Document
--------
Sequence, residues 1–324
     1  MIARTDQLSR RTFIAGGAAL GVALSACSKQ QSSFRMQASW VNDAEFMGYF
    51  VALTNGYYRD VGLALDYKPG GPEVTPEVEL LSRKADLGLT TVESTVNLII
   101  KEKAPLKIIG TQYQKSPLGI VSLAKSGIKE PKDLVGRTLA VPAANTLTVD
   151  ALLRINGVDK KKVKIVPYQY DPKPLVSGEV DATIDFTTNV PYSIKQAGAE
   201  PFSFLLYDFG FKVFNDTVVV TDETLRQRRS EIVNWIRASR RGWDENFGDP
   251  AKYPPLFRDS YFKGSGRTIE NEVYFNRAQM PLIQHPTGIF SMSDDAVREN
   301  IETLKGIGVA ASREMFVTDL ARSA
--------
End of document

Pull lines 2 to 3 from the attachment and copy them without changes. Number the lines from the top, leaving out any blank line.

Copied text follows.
     1  MIARTDQLSR RTFIAGGAAL GVALSACSKQ QSSFRMQASW VNDAEFMGYF
    51  VALTNGYYRD VGLALDYKPG GPEVTPEVEL LSRKADLGLT TVESTVNLII